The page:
• Andy’s Chicken – Crispy, crackling Korean fried chicken served with a variety of sauces—that’s the star at this no-frills takeout spot. Chef Andy Choi’s take on Korean classics such as bulgogi, kimchi and pork fried rice round out the menu. Regulars know to call ahead to reserve their chicken for dinner. 2001 Memphis Street, (215) 291-0700
  • Barcade – Combine a sizable craft beer list with more than 50 25-cent classic arcade games, and the result is Barcade. Based on locations in Brooklyn and Jersey City, the bar-arcade combo also offers a generous menu and outdoor space—for those who can tear themselves away from Tetris and Donkey Kong. 1114 Frankford Avenue, (215) 634-4400, barcadephiladelphia.com
  • Bottle Bar East – With a 16-tap bar, 700 cans and bottles, dartboard, foosball table, local art installations and a menu of grilled cheese, tacos, burgers, sandwiches and the like, this craft beer haven entices both Fishtowners and visitors. It doubles as a takeout retail shop, so patrons can fill up a growler or mix their own six-pack and take the party home. 1308 Frankford Avenue, (267) 909-8867, bottlebareast.com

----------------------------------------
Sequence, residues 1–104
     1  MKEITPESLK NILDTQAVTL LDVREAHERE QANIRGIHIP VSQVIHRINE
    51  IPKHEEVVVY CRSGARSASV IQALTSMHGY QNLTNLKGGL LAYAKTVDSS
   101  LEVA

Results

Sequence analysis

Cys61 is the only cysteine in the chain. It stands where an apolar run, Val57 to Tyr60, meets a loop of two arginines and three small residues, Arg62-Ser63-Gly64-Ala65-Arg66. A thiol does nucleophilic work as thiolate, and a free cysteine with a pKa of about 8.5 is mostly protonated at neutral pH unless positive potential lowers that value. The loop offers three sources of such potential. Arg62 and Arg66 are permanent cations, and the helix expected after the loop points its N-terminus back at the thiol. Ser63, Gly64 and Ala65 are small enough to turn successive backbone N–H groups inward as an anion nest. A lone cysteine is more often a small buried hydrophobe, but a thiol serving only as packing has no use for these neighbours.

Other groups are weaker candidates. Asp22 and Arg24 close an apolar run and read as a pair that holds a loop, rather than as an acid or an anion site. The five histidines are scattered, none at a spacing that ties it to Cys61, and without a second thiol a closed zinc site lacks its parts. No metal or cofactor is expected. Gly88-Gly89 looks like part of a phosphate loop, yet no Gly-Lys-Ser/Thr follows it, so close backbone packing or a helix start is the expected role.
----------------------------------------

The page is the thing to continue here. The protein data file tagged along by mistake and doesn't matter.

• Cedar Point Bar & Kitchen – This 50-seat, retro-American restaurant serves brunch, lunch and dinner with a dose of contemporary Southern soul. Alongside new takes on traditional dishes—kale burger, fried egg BLT—15 taps showcase a variety of American craft, German and Belgian beers. 2370 E. Norris Street, (215) 423-5400, cedarpointbarandkitchen.com
  • Cook and Shaker – Cook and Shaker is festooned with reclaimed wood and exposed brick. On offer: local beers, seasonal artisanal cocktails and locally sourced snacks, including fried buffalo Brussels sprouts, tater tots, pierogi and grilled kielbasa. 2301 Albert Street, (215) 426-2665, cookandshaker.com